For Love and/or Money: Financial Autonomy in Marriage
Prescript: We realize how crazy this all sounds! Nonetheless, we’re perfectly serious, and do actually pay each other to put our kids to bed and whatnot. We think we have quite clever mechanisms for deciding who does what and keeping things exquisitely fair, efficient, and resentment-free. And separate finances — i.e., financial autonomy — is a prerequisite. We tried it with our own fiat currency — yootles — and that didn’t work so now we just use dollars.  Some of this bears uncomfortable resemblance to the kinds of things two raving Libertarian nutjobs  would say. (It’s not like that, baby, we swear it.) Nonetheless, this being the single most demanded article by you, Dear Readers, we are finally caving to the pressure.
Merging all finances upon getting married is still the de facto standard in the modern world. Each contributes according to their ability and takes according to their need. Which is fine. It’s not fundamentally unreasonable for a relationship. Marriage is about becoming a team, becoming life-partners, and, yes, sharing your resources. But we also feel particularly strongly about maintaining autonomy even in a life-long committed relationship. Psychologists will tell you that perceived level of autonomy is a prime predictor of happiness with your life and situation.  Partnership and resource sharing may seem at odds with autonomy but I’m here to argue that they need not be!
Danny and I have been married for six years now, and we have two kids and a burgeoning startup that we co-founded. We work literally side by side every day. We fancy ourselves a pretty good team. Being financially autonomous  helps us do all that. I should emphasize that none of this has much to do with the fact that we’re business partners in addition to being life partners. We were financially autonomous for years before founding Beeminder — in fact, we always have been, since we never merged finances in the first place. I mention it only as evidence of our commitment and ass-kicking teamwitchery.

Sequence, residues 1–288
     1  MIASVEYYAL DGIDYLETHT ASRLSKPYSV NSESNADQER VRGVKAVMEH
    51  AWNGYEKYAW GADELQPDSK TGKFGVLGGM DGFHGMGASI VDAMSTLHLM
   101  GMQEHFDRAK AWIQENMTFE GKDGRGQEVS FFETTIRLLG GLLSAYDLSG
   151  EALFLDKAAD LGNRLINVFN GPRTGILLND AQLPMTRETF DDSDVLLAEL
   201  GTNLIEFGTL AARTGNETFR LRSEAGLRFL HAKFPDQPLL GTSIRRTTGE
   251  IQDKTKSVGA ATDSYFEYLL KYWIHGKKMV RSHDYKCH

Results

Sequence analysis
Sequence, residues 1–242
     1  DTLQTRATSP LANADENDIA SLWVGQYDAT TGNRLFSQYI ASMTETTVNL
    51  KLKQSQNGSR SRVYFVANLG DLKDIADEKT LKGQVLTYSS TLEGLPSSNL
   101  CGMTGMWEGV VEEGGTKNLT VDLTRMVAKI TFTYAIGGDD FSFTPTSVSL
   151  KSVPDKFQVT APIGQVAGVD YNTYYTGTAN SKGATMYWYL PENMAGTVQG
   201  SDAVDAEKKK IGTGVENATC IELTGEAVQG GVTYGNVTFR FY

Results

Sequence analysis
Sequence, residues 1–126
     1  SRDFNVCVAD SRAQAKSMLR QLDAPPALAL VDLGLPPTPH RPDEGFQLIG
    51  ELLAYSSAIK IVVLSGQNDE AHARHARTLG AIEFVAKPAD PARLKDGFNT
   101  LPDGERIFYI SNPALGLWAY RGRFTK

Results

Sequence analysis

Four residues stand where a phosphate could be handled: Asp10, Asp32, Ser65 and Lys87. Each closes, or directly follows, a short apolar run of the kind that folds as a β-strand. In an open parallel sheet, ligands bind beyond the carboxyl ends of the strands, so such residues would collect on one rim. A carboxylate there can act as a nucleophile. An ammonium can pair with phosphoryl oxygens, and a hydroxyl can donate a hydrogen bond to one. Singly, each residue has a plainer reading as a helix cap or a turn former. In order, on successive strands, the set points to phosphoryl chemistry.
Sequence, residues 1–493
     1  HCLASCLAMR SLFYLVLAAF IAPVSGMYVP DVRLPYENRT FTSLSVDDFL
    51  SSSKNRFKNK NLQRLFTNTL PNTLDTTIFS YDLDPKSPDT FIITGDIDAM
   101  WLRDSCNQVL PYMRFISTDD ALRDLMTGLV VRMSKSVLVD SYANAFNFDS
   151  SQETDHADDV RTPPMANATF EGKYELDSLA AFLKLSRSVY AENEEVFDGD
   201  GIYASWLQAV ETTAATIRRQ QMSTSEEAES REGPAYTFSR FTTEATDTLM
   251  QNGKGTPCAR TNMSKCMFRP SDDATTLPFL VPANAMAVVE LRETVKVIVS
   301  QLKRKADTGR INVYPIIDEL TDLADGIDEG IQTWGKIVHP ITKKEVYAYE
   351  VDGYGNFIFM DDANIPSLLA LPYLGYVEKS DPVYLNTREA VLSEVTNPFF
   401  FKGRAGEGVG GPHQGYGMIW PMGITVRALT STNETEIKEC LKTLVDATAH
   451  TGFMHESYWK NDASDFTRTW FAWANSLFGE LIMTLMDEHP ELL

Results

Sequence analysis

Before we get too far into extolling the benefits of separate finances, let us explain how we operate on some basic shared philosophical assumptions.
- Everyone’s happiness is fundamentally equally important.
- People are free to make their own choices, their own mistakes, and have their own utility functions.
- Everyone in a team, contributing equally, should share equally in all the rewards of the teamwork.
I get a little giddy when I read that list. Seriously, we named our daughter Faire because we like fairness so much. It’s my litany against being mean. When I start to get het up over some perceived injustice, it almost always goes away when I stop to examine what underlying assumption I’m violating. “I can’t believe you…” oh wait. They’re an autonomous agent. Their happiness is just as important as mine. Stop being such a judgmental Bee!
Furthermore it may be the case that separate finances are a natural consequence of these three principles. If we pooled finances, I would benefit from Danny’s hard work, even when I don’t do anything. That certainly violates fairness. If I use joint resources to buy a banjo, Danny’s resources got allocated in a way that he didn’t choose, violating autonomy, and leaving room (and hours of my practicing) for resentment to build.